BMJ editorial casts doubt on the notion that sunlight causes malignant melanoma

I am a big believer in the therapeutic properties of sunlight, at least some of which is related to its ability to stimulate vitamin D production in the skin. Sunlight exposure and/or heightened vitamin D levels have been associated with a range of health benefits including a reduced risk of several forms of cancer and relative protection from multiple sclerosis. I was therefore interested to read over the weekend an editorial in the British Medical Journal which highlights the importance of sunlight and vitamin D in health.

Written by Professor Michael Holick (professor of medicine, physiology and biophysics at Boston University Medical Centre in Boston, USA), the editorial details some of the evidence for the benefits of sunlight exposure and/or vitamin D including their role in bone and muscular health (vitamin D deficiency can lead to bone disease and muscular fatigue and pain). Not surprisingly, Michael Holick’s editorial mentions cancer too.

When the words ‘sunlight’ and ‘cancer’ are heard together, it’s natural for our thoughts to turn to skin cancer. There are three main forms of skin cancer: what are known as ‘squamus cell carcinoma’ and ‘basal cell carcinoma’, and ‘malignant melanoma’. The first two tend to develop on the most sun-exposed parts of the body (e.g. the top of the ear) and are generally very treatable. Malignant melanoma, on the other hand, is generally much less treatable, is quite often deadly, and is usually the major reason cited regarding why we should protect ourselves from the sun.

However, is the relationship between sunlight exposure and risk of malignant melanoma as clear-cut as we are generally led to believe it to be? Michael Holick’s editorial contains information that might cause us to question traditional wisdom on this. He writes: Notably, non-melanoma skin cancers occur on the most sun exposed areas, such as the face and hands, whereas most melanomas occur on the areas least exposed to the sun [2]. Intermittent and occupational sun exposure has been found to reduce the risk of malignant melanoma [2-5].

In short, Professor Holick appears to be asking: “If sunlight exposure causes malignant melanoma, how come it tends to develop on parts of the body that are not typically very sun-exposed, and how come there is evidence linking sun-exposure with reduced risk of this condition?” Professor Holick appears to cast considerable doubt on the notion that excessive exposure to sunlight is a major risk factor for malignant melanoma.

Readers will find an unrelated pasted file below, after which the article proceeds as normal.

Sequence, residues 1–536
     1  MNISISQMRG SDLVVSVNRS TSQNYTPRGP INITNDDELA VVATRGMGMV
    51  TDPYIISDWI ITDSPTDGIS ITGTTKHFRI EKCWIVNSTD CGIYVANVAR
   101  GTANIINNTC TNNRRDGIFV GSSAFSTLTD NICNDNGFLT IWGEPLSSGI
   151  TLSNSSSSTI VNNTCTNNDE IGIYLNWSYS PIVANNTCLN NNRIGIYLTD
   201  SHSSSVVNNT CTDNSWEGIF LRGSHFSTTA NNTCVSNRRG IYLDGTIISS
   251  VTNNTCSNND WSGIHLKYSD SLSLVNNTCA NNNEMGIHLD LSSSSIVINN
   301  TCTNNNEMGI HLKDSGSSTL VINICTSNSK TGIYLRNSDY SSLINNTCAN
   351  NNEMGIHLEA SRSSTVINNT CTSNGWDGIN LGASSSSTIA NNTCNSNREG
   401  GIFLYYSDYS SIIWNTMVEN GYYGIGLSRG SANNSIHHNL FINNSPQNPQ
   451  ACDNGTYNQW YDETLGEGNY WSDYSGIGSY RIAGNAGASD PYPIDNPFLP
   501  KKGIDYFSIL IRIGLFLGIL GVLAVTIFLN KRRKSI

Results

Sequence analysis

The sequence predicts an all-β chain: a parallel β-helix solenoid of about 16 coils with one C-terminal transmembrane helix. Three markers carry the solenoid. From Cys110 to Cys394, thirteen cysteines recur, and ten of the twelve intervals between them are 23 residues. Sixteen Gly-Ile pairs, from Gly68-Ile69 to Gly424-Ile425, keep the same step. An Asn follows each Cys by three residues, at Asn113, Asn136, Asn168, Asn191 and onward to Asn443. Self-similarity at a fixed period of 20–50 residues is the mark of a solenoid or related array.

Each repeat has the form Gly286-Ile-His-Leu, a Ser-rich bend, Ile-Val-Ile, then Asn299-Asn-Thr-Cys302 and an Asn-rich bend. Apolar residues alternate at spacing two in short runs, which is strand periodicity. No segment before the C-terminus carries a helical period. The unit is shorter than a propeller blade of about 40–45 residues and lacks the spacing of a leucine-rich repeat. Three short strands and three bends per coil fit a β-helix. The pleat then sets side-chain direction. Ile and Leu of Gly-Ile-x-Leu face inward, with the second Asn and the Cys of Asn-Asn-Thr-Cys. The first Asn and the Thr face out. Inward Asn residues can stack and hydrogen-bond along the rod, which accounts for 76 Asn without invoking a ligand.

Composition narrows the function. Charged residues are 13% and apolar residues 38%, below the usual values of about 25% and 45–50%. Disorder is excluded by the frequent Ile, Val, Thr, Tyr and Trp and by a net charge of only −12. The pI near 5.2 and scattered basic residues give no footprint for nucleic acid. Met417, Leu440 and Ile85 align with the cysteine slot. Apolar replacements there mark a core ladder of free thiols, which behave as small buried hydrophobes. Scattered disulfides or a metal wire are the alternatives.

Even if it is, I still think it’s worth bearing in mind all the benefits that may come from sunlight that may offset any downside. For more on this, see this previous post. And for more advice on safe-tanning and natural sun-protection, see here.

References:

1. Holick M. Deficiency of sunlight and vitamin D. BMJ 2008;336:1318-1319

2. Kennedy C, et al. The influence of painful sunburns and lifetime of sun exposure on the risk of actinic keratoses, seborrheic warts, melanocytic nevi, atypical nevi and skin cancer. J Invest Dermatol 2003;120:1087-93

3. Holick MF. Vitamin D deficiency. N Engl J Med 2007;357:266-81

4. Grant WB, et al. The association of solar ultraviolet B (UVB) with reducing risk of cancer: multifactorial ecologic analysis of geographic variation in age-adjusted cancer mortality rates. Anticancer Res 2006;26:2687-99

5. Moan J, et al. Addressing the health benefits and risks, involving vitamin D or skin cancer, of increased sun exposure. Proc Natl Acad Sci 2008;105:668-73

9 Responses to BMJ editorial casts doubt on the notion that sunlight causes malignant melanoma

  1. Cybertiger 16 June 2008 at 3:39 pm #

    John Briffa says,

    “Professor Holick appears to cast considerable doubt on the notion that excessive exposure to sunlight is a major risk factor for malignant melanoma.”

    My first exposure to the melanoma was as a medical student on an elective period in Malawi. When quizzed about the case, I did not get the diagnosis right. The old man had a large black lump on the sole of his foot and he was about to be wheeled into the operating theatre to have his foot chopped off.

    PS. Perhaps calcium and vitamin D supplementation in the elderly, ostensibly to prevent osteoporotic fractures, is a better bet at preventing killer influenza than the flu shots ” and a lot less expensive.

  2. David Wayne 16 June 2008 at 6:49 pm #

    Hi Dr. Briffa – I have been a lurker here for a few months and have greatly enjoyed your blog. Today you give me the opportunity to comment for the first time with a question that has been bugging me a bit. Please forgive me if this question is completely ignorant but I was wondering what the rate of skin cancer/melanoma is in nations/peoples that aren’t as able to protect themselves from the sun as we are in the west. I am thinking particularly of African peoples who, it seems to me, must live most of their lives out in the sun. Also, with me being from America, I think back to our pioneer days and all of the cowboys and farmers and other folks who went west and had to spend most of their lives out in the sun – is there any way to know if they had high rates of skin cancer? Again, this may be an ignorant question but I was wondering if there might be another explanation for some of these things than overexposure to sun. Thanks!

  3. Sue 16 June 2008 at 11:53 pm #

    Doesn’t dark skin provide more protection from the sun?
    Also, dark skinned people have a harder time getting vitamin D from the sun?

  4. Mo 17 June 2008 at 3:48 pm #